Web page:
Why drink plain old fruit juice when you can sip a reputed elixir instead? That's the pitch being used to sell pomegranate juice, available on grocery shelves. "Amaze your cardiologist," cries the Web site for one brand, POM Wonderful, which cites studies (mostly small, some company-funded, some on mice) suggesting that the stuff helps lower blood pressure and reduce arterial plaque build-up. Old Orchard, whose blueberry pomegranate juice is set to debut next month in Washington area stores, says the drink "promotes a healthy heart!" But doctors and dietitians have doubts.
Antioxidant Superpower? According to POM Wonderful, pomegranate juice is richer than most beverages in antioxidants -- chemicals that neutralize molecules implicated in diseases such as heart disease and cancer. "Cheat death," reads a POM Wonderful print ad, which began appearing last year in national magazines.
But efforts to prove that antioxidants can prevent diseases have had mixed results. For improving a person's health, said Arthur Frank, medical director of George Washington University's Weight Management Program, "there's no really compelling evidence that antioxidants make a difference."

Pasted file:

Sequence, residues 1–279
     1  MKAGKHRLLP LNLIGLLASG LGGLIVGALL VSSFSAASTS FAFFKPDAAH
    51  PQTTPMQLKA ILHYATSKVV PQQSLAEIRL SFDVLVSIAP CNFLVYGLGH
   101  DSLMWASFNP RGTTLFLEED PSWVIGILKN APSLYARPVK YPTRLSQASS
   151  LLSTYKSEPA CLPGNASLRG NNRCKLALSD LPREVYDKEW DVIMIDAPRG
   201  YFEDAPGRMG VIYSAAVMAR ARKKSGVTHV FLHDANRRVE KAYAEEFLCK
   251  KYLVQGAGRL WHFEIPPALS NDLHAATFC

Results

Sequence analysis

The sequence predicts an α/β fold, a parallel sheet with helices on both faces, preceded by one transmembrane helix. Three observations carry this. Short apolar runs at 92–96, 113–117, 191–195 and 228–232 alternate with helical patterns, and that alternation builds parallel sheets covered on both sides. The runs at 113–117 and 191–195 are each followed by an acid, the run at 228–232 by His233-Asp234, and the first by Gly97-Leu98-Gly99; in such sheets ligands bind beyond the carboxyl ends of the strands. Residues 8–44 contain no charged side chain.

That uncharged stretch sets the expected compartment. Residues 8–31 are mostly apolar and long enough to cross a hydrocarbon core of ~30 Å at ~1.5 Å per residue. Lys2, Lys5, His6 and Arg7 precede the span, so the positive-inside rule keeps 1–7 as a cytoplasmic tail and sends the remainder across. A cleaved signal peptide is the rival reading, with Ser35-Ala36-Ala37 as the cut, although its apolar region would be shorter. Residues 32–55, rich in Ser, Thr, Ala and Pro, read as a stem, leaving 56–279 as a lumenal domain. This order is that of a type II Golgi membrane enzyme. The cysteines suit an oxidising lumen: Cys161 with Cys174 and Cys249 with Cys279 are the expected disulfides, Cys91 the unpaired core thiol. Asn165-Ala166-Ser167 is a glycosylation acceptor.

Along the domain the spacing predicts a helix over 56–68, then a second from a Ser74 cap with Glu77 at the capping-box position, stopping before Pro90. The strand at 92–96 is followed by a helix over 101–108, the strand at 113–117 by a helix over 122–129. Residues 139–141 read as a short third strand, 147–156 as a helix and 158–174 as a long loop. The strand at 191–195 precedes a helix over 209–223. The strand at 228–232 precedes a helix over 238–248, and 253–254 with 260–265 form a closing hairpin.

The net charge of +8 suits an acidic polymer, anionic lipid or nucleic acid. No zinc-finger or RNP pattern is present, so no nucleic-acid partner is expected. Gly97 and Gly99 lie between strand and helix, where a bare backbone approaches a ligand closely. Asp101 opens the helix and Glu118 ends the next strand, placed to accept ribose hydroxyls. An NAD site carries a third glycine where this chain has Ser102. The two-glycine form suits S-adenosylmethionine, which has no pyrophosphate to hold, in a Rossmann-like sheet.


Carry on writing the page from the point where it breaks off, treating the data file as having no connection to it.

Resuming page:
Dean Ornish, who heads the Preventive Medicine Research Institute in Sausalito, Calif., recently presented findings to the American College of Cardiology on a POM Wonderful-funded study showing heart patients who drank pomegranate juice daily for three months had slightly greater blood flow to the heart than a control group. But that study and another said to show more gradual progression of prostate cancer in men who drank pomegranate juice than in those who did not have not yet been published.
The Fine Print Before you buy, you might want to read the label. Which fruit juice concentrate is listed first in Old Orchard blueberry pomegranate juice? Apple juice.
-- Ben Harder